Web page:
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If your child is having nighttime accidents, it is critical that you help him or her understand that bedwetting is not his/her fault.
- Step 1. When your child wets the bed, do not react negatively in any way. You need to show that it’s no big deal through your body language, words and tone.
- Step 2. Inform yourself of the facts about bedwetting and get advice on how to explain it to your child.
- Step 3. Take simple steps to manage the nighttime accidents such as limiting drinks for two hours before bedtime and using a product like GoodNites® Underwear to stay dry even when wet.
I made two mistakes the other night.
First I didn’t notice that my 6 year old forgot to put on her GoodNites® Underwear and second I forgot to wake and take her to the bathroom at 10:30 pm as I normally do.
The result was her waking up wet and crying at 2:30 am.
I picked her out of the soaked bed, telling her I was so sorry for forgetting her GoodNites® and forgetting to take her to the potty in the night. I assured her it was no big deal as I took off her wet nightie, quickly rinsed her off in the tub with warm water and brought her into my bed with me (and her 3 year old sister who’d already woken earlier and come into my bed).
We all quickly fell asleep and — as is common with this quiet little girl of mine — she didn’t say anything more about it.
What To Say The Next Day?
I felt terrible for forgetting those two important steps and I really wanted to make sure she understood that the fact that she wets her bed is not her fault.
So the next night as the two of us were sitting on her bed about to start reading stories, I said in a really upbeat voice, “Oh good, you’ve got your GoodNites® on. Do you know that we’re so lucky that we can buy those these days. In the old days, like when Grandma was little, they didn’t have anything like that.”
Her eyes opened wide and her jaw dropped, “They didn’t? What did they do?”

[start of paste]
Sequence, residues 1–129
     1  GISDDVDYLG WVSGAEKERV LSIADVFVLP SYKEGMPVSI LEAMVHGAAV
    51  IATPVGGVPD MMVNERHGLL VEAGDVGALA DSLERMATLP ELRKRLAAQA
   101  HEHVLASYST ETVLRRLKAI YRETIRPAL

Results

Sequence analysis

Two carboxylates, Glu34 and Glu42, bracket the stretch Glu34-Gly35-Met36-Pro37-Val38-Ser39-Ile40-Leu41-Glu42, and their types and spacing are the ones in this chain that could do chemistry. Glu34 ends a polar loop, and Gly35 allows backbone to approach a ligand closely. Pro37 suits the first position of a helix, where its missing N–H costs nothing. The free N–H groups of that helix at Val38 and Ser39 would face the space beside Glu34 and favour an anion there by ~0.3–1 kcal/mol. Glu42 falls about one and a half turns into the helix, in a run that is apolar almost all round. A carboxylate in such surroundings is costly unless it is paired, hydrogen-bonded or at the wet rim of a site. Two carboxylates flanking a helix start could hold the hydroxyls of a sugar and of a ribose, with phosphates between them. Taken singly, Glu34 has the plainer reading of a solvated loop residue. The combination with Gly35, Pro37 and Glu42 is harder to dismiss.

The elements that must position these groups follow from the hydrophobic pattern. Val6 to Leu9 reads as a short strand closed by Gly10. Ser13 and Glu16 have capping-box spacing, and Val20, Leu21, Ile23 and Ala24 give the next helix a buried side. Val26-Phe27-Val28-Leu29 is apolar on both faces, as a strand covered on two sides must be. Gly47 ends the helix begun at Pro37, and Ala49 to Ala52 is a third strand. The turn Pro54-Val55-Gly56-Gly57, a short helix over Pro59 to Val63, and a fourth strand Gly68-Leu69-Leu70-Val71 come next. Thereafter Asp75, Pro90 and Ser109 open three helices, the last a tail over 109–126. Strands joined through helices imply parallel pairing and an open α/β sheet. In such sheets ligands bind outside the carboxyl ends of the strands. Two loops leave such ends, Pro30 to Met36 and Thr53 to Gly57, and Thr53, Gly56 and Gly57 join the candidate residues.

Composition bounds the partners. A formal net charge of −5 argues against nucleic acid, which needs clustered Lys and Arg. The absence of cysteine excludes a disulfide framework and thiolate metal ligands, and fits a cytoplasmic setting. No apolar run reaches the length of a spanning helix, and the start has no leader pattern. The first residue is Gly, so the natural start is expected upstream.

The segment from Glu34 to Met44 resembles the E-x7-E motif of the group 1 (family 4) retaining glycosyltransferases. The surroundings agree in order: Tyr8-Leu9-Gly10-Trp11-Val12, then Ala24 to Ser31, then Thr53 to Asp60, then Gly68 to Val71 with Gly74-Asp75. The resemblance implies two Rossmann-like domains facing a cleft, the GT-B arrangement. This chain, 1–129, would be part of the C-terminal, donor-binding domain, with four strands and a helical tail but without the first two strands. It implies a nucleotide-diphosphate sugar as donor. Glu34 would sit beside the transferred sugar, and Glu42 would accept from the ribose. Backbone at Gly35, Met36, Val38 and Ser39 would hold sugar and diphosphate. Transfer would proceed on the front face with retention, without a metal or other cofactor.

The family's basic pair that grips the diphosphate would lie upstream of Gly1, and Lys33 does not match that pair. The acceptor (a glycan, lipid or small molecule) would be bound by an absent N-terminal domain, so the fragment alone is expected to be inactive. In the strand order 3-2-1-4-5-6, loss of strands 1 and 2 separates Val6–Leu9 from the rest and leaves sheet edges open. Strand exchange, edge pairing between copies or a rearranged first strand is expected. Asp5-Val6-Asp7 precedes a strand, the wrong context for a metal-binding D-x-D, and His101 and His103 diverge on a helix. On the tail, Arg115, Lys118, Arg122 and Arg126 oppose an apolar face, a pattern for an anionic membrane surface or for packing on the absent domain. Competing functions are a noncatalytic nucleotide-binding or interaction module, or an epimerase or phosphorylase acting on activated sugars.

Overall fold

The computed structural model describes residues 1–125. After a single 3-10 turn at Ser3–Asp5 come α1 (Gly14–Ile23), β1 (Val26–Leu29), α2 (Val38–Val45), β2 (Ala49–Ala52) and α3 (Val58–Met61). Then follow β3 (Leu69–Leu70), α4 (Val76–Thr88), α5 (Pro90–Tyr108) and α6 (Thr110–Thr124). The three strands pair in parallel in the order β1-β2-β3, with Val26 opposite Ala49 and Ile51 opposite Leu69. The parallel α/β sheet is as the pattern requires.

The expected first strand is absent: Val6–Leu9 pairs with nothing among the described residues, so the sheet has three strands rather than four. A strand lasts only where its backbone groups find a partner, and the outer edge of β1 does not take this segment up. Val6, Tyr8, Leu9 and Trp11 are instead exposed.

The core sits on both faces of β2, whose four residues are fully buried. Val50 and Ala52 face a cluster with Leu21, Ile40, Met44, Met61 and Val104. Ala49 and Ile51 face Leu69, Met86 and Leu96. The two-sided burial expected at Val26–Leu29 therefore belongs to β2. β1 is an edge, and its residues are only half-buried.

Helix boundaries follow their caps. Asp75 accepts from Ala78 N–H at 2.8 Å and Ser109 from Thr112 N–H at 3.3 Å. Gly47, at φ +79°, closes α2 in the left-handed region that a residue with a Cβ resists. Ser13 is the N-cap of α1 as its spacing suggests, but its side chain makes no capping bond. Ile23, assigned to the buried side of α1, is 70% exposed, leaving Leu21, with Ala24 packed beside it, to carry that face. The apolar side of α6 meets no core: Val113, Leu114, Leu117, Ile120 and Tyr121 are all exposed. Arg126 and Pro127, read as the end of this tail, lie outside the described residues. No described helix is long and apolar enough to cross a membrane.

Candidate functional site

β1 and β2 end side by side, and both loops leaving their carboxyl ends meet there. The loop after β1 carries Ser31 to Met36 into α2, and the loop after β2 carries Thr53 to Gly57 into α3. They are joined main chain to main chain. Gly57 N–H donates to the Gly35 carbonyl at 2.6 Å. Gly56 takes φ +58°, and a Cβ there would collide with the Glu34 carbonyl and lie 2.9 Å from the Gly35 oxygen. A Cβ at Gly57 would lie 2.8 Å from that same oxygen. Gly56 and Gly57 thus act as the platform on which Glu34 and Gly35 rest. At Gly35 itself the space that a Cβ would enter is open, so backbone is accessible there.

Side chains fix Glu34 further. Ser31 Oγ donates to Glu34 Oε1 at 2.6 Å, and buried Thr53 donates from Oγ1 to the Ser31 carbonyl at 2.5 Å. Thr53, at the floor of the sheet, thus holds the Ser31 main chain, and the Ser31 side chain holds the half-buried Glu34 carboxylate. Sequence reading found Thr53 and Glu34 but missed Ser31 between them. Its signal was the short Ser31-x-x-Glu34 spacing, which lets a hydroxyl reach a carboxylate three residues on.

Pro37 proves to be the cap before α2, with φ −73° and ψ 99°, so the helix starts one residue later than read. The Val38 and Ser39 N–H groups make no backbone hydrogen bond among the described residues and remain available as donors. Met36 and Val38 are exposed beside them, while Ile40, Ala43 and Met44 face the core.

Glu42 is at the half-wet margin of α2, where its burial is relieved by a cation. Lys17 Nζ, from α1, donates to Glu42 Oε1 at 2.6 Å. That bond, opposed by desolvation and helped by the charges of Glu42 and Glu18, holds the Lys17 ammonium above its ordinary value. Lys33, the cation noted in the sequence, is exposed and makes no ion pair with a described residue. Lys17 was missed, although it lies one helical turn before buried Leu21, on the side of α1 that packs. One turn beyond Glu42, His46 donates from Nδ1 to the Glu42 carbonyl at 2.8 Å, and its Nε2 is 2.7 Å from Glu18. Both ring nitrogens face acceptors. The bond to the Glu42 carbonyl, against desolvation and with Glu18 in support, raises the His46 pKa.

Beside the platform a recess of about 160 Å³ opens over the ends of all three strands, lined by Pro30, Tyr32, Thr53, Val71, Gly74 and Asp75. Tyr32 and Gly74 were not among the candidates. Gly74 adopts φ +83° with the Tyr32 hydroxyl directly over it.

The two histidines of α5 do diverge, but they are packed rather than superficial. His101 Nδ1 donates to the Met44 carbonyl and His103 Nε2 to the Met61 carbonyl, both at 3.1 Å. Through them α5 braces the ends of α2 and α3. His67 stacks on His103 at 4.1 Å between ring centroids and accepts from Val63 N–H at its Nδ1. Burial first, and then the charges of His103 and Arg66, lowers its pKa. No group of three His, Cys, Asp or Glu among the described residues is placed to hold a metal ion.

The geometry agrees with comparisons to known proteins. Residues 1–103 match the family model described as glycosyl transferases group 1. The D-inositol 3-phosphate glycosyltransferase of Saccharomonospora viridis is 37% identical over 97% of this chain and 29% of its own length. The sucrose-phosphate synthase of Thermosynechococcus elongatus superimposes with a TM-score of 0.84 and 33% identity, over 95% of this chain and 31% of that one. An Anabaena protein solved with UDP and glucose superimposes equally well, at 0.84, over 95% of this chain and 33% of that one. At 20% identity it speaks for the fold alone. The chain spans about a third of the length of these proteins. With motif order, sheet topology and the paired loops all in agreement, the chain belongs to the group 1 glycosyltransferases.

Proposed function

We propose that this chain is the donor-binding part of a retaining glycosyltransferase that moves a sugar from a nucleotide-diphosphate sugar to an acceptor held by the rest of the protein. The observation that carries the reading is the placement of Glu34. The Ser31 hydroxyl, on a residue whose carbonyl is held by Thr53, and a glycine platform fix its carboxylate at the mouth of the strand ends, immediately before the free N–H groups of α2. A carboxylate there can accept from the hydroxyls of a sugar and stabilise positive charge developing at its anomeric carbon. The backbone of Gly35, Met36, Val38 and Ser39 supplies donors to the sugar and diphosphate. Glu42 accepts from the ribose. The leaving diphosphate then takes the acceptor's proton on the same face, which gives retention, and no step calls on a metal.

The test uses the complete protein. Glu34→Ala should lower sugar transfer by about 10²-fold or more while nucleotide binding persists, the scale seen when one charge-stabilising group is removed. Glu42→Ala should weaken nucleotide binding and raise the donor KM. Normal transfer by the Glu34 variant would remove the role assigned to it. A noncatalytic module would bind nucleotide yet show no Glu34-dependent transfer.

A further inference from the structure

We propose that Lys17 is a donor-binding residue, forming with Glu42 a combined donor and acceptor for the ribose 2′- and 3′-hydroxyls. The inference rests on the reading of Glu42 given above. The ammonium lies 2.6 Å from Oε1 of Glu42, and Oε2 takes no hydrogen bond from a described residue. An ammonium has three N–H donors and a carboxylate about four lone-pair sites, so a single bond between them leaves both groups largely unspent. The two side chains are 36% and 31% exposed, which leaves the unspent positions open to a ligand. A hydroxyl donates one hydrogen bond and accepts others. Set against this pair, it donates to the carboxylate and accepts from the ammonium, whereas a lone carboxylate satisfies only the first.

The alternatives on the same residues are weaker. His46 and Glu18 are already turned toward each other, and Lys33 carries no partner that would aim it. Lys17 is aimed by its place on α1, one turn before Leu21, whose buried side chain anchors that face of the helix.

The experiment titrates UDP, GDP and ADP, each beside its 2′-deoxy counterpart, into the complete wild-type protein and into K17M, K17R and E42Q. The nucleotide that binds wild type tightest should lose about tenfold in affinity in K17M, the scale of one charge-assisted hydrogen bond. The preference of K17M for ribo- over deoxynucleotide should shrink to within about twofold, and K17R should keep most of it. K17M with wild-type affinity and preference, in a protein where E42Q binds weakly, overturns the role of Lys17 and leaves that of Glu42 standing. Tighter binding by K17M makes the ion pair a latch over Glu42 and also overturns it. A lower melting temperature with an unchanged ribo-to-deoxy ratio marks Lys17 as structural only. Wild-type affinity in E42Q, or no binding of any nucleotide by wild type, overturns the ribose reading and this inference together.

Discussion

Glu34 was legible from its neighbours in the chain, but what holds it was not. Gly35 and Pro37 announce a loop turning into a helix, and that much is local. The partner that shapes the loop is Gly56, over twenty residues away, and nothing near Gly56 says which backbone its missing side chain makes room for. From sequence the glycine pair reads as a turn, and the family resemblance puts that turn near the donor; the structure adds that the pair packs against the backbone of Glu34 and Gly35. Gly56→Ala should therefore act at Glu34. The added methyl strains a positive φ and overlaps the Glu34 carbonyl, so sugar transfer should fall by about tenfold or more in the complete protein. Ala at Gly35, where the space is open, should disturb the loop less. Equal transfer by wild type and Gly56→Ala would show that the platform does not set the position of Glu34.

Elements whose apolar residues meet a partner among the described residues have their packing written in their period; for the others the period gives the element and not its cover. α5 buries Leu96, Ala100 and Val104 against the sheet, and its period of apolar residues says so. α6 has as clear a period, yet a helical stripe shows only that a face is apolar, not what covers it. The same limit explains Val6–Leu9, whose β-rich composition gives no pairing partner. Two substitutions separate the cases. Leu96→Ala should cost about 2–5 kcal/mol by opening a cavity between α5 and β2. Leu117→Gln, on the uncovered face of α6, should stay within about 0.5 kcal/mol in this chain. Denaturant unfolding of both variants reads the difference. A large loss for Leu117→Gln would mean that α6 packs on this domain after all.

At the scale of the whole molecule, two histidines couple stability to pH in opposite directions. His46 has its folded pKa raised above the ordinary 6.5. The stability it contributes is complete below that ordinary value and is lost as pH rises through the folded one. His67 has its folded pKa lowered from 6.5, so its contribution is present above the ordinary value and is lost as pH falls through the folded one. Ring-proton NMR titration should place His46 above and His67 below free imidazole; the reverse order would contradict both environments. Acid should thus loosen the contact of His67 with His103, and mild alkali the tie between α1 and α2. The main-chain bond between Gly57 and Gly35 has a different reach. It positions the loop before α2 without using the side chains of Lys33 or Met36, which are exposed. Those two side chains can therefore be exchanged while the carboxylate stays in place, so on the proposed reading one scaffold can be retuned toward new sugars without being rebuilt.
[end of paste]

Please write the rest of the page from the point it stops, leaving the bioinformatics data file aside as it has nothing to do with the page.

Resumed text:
I replied, “I’m not sure what they did. I guess maybe they wore diapers or their beds just ended up getting wet. And do you know what was really tough? Back then parents and doctors didn’t even understand bedwetting as much as they do now. Sometimes they thought it was the kids’ fault… that they just weren’t bothering to get up to go potty.
But, NOW the doctors know all about bedwetting and they make sure to tell all parents that it is totally normal and not anyone’s fault. Now they totally understand that tons of kids wet the bed — sometimes even when they’re teenagers — and they make this special underwear so kids can stay dry.”
We continued talking about it for a while and I could feel her relax even more.
I’m not sure that I said exactly the right things, but I could tell that our little talk helped. The wet sheets the night before ended up being nothing more than a good reminder to double-check before bed that she’s wearing GoodNites® and make the “sleepy-walk” middle of the night trip to the potty.
What About You?
Have any of your children struggled with nighttime accidents? How did you help them understand that bedwetting isn’t their fault?
Written by Susan Carraretto, Mom Blogger and 5 Minutes For Mom Co-Founder
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Disclaimer – We are working on a sponsored campaign with GoodNites® Underwear to spread awareness and information about enuresis, also known as bedwetting. I have not been paid to publish positive sentiments about the product.
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